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Micah 5

A Promised Ruler From Bethlehem (5:1–15)

7–9 Micah speaks again about the remnant of Jacob (Israel); he uses the term “remnant” here to mean the restored spiritual Israel, the Church, which will ultimately become the strong nation of the Messianic kingdom (Micah 4:7; Revelation 20:1–6). This remnant, the Church, even now is like dew, like showers of spiritual blessing in the world (verse 7); these blessings come from God and not from man.

But the remnant of Jacob will also be like a lion in the midst of many peoples (verse 8). Under the rule of the Messiah, the remnant will achieve final victory over all the forces of evil (verse 9).

10–15 In that day—the day when the remnant is being restored and purified—the Lord will cleanse the remnant of all those things that undermine one's faith in God. Even those faithful Israelites who would become part of the remnant still needed to be purified.

What things would need to be “destroyed” in order to purify this remnant of Israelites? First, their reliance on their own strength, their own military might—horses and chariots and fortified cities (verses 10–11). Second, their reliance on false religion—witchcraft and images (idols) and Asherah poles (symbols of the Canaanite goddess Asherah); all this would have to be destroyed (verses 12–14). The remnant must rely on God alone.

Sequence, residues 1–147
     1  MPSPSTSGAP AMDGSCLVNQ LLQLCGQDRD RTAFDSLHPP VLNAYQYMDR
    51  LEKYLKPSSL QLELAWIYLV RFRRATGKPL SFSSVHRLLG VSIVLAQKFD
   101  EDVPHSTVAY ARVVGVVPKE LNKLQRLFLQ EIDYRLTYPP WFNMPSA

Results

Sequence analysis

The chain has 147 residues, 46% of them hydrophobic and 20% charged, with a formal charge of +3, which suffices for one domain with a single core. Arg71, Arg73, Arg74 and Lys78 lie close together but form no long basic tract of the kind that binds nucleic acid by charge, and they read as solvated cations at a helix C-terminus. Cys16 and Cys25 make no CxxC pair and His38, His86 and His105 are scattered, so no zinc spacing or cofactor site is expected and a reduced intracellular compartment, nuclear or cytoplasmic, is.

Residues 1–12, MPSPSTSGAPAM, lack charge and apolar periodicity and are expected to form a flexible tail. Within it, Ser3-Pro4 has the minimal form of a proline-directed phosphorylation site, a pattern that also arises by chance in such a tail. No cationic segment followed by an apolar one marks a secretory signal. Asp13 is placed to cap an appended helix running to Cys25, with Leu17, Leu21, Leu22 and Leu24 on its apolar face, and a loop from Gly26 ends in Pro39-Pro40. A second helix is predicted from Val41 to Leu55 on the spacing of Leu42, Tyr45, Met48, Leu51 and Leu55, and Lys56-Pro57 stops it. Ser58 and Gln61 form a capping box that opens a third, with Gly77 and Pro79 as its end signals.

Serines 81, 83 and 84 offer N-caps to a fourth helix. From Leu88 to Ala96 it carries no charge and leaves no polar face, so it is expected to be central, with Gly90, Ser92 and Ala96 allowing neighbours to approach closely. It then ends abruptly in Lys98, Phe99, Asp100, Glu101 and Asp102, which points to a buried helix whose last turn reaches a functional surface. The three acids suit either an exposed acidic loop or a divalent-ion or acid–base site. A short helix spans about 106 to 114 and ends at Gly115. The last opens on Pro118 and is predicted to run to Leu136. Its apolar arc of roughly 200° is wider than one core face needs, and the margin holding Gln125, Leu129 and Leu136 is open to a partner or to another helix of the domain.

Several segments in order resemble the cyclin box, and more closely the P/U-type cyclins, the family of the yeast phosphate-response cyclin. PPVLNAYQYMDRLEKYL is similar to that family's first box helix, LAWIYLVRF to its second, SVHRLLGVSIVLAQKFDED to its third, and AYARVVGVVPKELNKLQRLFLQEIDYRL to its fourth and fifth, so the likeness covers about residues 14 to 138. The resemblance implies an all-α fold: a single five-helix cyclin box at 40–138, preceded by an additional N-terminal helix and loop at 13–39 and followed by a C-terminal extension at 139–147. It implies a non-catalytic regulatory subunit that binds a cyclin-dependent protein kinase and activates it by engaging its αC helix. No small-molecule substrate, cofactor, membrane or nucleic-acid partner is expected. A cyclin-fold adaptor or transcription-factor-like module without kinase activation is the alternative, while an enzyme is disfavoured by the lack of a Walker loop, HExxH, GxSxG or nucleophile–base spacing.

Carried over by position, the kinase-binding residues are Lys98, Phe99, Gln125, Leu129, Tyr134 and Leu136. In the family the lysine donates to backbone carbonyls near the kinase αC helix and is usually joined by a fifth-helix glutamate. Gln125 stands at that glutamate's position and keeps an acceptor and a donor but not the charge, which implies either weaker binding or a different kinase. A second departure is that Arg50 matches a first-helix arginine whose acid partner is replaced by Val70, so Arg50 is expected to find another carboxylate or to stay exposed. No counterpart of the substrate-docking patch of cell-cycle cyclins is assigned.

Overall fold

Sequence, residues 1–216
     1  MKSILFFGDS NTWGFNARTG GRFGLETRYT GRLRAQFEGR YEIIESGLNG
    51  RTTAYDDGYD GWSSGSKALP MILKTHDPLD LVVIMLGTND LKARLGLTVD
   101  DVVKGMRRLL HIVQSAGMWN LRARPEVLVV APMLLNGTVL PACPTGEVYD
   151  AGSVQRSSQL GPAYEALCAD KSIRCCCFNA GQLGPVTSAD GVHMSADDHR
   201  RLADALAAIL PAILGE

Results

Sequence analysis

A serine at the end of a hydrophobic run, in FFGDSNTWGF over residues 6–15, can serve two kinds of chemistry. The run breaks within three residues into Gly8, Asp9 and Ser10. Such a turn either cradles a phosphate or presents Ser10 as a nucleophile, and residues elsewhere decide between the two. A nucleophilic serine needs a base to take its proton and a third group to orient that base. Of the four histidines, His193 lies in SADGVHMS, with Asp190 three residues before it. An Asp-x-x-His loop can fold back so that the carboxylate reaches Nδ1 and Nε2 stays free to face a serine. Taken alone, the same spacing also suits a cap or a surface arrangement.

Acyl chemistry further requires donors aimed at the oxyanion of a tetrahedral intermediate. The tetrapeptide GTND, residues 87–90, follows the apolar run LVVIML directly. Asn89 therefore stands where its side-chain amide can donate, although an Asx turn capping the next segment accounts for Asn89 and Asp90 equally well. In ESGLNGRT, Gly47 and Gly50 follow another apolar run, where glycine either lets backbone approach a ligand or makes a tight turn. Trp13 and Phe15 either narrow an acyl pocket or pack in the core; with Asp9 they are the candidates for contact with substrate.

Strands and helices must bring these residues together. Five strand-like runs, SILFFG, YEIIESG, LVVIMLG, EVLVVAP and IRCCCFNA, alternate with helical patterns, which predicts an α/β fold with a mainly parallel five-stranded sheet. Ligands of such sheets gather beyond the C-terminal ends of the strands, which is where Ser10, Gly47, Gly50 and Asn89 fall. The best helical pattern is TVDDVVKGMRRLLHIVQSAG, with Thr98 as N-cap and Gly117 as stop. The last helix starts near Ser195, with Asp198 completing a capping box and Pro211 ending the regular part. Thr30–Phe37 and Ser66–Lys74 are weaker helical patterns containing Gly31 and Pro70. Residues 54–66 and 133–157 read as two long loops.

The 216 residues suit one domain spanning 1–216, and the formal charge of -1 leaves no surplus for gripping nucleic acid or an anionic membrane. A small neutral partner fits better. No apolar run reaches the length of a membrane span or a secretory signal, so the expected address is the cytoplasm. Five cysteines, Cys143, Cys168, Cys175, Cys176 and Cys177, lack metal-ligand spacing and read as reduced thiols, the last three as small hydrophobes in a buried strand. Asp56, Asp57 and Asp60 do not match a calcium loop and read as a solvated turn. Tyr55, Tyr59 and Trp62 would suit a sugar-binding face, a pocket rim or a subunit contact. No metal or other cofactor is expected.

In these verses, Micah also speaks to us today; we too are the “remnant.” And we too must not rely on power, wealth, education, technology, family name, or any other worldly “idol”; we must rely on God alone if we are to inherit His eternal blessing.

In verse 15, the Lord concludes with a general warning to all nations and people who choose not to obey His word; for them, there will be a final day of judgment.

Before we leave this important chapter, let us reflect on Micah’s amazing prophecy that Christ would be born in Bethlehem. Bethlehem was a tiny, insignificant town, and yet God chose it to be the birthplace of His beloved David and His beloved Son. Micah joins with Isaiah in having been given the most detailed vision of the coming Messiah: Isaiah knew that Christ would be born of a virgin (Isaiah 7:14; Matthew 1:23), and Micah knew that that birth would be in Bethlehem—seven hundred years before it happened.

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